other.  This allows for higher positional accuracies and truer color of
orthos created from the imagery.  Another important favorite with clients
is the major reduction of building lean in orthophotos. The sensor captures
strips of imagery from three different views and uses these views to create
stereo imagery. But orthophotography is generally created from only the nadir
(downward looking) view. There is no building lean at the center of this view
and increases mildly and gradually outward from the center. This is simply not
possible with frame-based digital sensors and our clients love it!

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Are
the image files large and do you need a super-computer to process them?

Strips of images are large files; often a dozen or more gigabytes in size. 
Massive storage silos and a number of powerful servers are needed to process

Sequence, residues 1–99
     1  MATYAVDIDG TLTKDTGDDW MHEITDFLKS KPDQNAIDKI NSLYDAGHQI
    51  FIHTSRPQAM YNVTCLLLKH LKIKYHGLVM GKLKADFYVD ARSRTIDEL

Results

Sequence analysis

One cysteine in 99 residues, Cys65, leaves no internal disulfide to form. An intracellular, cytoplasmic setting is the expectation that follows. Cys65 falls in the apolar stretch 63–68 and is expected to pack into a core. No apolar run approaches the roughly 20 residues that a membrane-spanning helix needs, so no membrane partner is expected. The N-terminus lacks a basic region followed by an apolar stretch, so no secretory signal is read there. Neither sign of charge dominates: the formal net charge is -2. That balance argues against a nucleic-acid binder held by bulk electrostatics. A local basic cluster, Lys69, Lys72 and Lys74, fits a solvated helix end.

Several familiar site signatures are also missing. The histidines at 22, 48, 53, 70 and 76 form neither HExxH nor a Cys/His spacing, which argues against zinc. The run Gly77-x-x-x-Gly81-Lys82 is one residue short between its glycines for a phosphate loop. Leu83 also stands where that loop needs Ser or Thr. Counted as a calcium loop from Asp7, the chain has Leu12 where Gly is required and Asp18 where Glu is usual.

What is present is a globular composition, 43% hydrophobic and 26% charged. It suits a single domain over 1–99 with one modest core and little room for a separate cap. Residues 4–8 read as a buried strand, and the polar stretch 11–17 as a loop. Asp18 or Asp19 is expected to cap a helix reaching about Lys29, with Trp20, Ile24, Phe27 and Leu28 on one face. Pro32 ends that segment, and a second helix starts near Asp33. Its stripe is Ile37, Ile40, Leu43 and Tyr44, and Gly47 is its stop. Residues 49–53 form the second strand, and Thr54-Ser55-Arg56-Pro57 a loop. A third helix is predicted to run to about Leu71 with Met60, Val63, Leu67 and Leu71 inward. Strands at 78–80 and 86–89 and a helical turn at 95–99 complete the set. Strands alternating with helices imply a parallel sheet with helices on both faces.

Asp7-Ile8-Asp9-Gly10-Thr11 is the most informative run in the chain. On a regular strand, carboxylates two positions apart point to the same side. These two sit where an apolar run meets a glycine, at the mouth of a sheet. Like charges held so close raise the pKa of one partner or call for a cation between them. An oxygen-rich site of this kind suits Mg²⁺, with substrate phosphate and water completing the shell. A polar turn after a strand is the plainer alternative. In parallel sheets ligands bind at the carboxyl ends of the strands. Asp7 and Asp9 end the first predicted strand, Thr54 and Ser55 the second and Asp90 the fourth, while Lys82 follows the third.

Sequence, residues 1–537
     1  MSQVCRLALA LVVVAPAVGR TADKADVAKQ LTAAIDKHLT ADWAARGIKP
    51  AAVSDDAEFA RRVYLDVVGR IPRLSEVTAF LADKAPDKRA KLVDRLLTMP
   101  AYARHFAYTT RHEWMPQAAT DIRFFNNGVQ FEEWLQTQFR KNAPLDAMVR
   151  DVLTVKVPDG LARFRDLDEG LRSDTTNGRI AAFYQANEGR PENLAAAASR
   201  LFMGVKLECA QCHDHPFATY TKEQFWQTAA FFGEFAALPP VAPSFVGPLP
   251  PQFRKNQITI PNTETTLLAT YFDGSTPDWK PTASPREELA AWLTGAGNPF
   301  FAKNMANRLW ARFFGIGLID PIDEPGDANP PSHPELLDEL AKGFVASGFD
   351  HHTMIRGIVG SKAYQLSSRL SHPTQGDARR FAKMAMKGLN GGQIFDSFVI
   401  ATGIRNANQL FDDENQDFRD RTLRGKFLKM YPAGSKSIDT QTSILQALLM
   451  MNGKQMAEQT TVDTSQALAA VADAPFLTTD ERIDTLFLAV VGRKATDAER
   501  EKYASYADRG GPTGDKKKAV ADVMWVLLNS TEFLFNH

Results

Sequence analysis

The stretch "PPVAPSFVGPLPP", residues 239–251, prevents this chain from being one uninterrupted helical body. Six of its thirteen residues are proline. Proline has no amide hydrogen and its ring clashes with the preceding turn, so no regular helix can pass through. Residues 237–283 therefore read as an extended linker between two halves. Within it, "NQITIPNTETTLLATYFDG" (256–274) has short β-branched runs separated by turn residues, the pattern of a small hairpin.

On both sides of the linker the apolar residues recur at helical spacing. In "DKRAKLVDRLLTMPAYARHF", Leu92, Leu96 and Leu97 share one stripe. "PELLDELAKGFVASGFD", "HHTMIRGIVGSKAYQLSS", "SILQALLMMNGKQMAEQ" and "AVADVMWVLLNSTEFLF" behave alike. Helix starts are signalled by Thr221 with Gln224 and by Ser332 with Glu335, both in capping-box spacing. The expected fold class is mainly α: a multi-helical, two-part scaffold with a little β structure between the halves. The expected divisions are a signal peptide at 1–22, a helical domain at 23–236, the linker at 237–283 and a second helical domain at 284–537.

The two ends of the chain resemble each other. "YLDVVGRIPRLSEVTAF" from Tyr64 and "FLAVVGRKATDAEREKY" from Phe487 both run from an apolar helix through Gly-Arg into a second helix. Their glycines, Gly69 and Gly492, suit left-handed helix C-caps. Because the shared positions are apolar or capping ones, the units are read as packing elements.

this imagery.  Aerial Services chose to deploy Isilon’s innovative
scale-out NAS storage solutions to meet our data storage space needs. 
This system is very reliable and allows storage expansions to be added very
easily with minimal interruption to production. The extremely large datasets
and intensive computer processing also impose the necessity of “distributed
computing.” This is not something that was common in the industry before the
advent of the digital sensors, but fortunately, inexpensive multi-core
computers are now commonplace and software vendors are writing software optimized
for distributed processing.

How
do you protect the image from loss or destruction after collection?

This goes to the core of our business. When using film cameras, if the film was
processed improperly or lost in the mail, it meant a costly reflight and then only
when the weather was favorable. Using a digital sensor there is no film. The